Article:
The CPA is the bedrock for future peace and stability throughout Sudan. The conflict in Darfur will not be resolved without successful implementation of the CPA. We are working with all parties and international partners to implement the CPA, end the conflict in Darfur and to bring lasting peace to Sudan.
Mr. Keith Simpson: To ask the Secretary of State for Foreign and Commonwealth Affairs what assessment he has made of the effect of the recent clashes in the Abyei area of Sudan on (a) the Comprehensive Peace Agreement in Sudan and (b) the conflict in Darfur; and if he will make a statement. 
Meg Munn: The fighting in Abyei in mid-May posed a serious threat to the Comprehensive Peace Agreement (CPA). The National Congress Party and the Sudan People's Liberation Movement have shown their commitment to the CPA by agreeing on 8 June a road map to resolve the Abyei dispute.
The CPA is the bedrock for future peace and stability throughout Sudan. The conflict in Darfur will not be resolved without the successful implementation of the CPA. We are working with both parties and international partners to implement fully the Abyei road map and the CPA and to find a lasting solution to the conflict in Darfur.
Mr. Keith Simpson: To ask the Secretary of State for Foreign and Commonwealth Affairs what progress has been made towards developing a joint conflict management strategy along the North-South border in Sudan between the UN Mission in Sudan and the UN country team as referred to in the UN Secretary Generals report to the UN Security Council (S/2008/267); and if he will make a statement. 
The UN, supported by the international community, has a strategy to support implementation of the Comprehensive Peace Agreement and has deployed a multi-functional military and civil mission to do so. This includes the monitoring of areas of
tension along the border. The UN Development Programme held discussions in June on developing a common strategy for the border and for the transitional areas.
The UN Mission in Sudan and UN agencies contributed to a stability and development assessment of the three disputed areas, led by the Department for International Development, which was completed in April this year. The second phase of the assessment, covering the south and the border region, will take place in September/October of this year. The UN continues to review and adjust its focus through assessment and renewal of its mandates.
Mr. Jenkin: To ask the Secretary of State for Foreign and Commonwealth Affairs pursuant to paragraph 3.27 of the National Security Strategy of the United Kingdom, Cm 7291, which states he suspects of state-sponsored terrorism. 
Mr. Jim Murphy: As the National Security Strategy says, we are alert to the possibility of sponsorship of terrorist activity by states. However, it is the long-standing policy of the Government not to comment on intelligence matters and it would not be in the interest of national security to discuss, in public, our assessment of possible links between terrorist groups and individual states.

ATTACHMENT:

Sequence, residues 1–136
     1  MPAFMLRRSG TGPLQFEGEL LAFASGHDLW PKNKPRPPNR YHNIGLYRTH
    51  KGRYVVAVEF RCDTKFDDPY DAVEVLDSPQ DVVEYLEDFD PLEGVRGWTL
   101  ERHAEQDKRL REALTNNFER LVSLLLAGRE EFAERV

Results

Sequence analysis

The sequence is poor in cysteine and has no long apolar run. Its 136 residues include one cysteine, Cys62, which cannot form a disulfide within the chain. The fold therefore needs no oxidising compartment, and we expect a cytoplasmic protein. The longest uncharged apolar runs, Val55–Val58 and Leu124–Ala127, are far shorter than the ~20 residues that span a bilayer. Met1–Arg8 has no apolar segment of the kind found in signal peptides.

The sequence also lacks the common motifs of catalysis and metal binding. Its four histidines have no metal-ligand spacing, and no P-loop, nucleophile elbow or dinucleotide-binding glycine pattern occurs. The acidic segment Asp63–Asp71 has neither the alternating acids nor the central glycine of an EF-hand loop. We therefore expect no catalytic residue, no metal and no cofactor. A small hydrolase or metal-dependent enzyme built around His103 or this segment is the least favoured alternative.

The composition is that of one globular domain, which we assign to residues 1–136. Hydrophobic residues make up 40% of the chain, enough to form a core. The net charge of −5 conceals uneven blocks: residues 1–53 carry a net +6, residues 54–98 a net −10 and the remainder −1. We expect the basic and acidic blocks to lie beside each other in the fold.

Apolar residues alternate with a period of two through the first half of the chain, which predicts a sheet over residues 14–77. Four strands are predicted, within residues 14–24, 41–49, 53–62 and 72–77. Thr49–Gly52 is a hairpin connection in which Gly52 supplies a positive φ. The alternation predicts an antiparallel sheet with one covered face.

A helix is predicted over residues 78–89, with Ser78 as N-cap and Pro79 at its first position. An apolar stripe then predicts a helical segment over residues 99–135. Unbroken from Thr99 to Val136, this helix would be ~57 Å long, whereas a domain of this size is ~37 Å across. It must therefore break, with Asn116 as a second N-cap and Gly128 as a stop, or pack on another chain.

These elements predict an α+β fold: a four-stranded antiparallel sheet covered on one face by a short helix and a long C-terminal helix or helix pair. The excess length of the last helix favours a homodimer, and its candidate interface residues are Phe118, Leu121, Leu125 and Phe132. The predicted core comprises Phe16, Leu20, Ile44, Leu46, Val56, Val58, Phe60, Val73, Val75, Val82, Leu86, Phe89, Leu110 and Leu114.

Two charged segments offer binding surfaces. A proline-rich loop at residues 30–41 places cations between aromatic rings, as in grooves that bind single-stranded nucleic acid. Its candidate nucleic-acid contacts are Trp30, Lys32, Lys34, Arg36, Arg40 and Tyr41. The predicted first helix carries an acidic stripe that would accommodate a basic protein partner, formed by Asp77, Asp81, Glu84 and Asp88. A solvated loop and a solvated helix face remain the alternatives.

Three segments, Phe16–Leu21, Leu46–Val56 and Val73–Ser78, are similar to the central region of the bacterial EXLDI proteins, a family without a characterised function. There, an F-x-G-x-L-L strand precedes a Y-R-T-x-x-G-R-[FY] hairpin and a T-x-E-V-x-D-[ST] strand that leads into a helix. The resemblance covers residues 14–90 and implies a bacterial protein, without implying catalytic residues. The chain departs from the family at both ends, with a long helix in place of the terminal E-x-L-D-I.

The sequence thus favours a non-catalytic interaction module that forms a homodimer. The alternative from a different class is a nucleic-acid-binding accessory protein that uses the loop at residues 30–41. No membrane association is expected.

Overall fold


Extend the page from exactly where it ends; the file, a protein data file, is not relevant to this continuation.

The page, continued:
Dr. Kumar: To ask the Secretary of State for Foreign and Commonwealth Affairs what progress has been made on joint working against global terrorism since the 20 September 2004 joint declaration with India. 
Mr. Jim Murphy: The UK and India enjoy a close working relationship on countering terrorism and extremism. This is underpinned by Prime Ministerial agreement at annual UK/India summits to work together in specific areas.
At the most recent summit in January we agreed to intensify mutual exchange of views, experiences and practical cooperation in the fight against terrorism. We have agreed to build on existing co-operation, including in the protection of critical national infrastructure, mass transit systems and the security of major sporting eventsincluding the 2010 Delhi Commonwealth Games and the 2012 London Olympics. In addition, we have agreed to expand co-operation on civil aviation security and crisis management and to establish a new bilateral dialogue on terrorist financing.
Multilaterally, the UK and India remain committed to pursuing an agreement in the UN on the Comprehensive Convention against International Terrorism. The UK continues to support India's request for full membership of the Financial Action Task Force.
Mr. Holloway: To ask the Secretary of State for Foreign and Commonwealth Affairs how many UK citizens were (a) arrested and (b) sentenced for drugs offences in the United Arab Emirates in each of the last five years. 
Drugs related offences:
2004-05three arrested and sentenced, one arrested and deported in 2006
2006-07one arrested and sentenced, one arrested and released
2008 to dateone arrested pending judgement.
|(1 )Figures for 2004-05 cannot be obtained without incurring disproportionate cost.|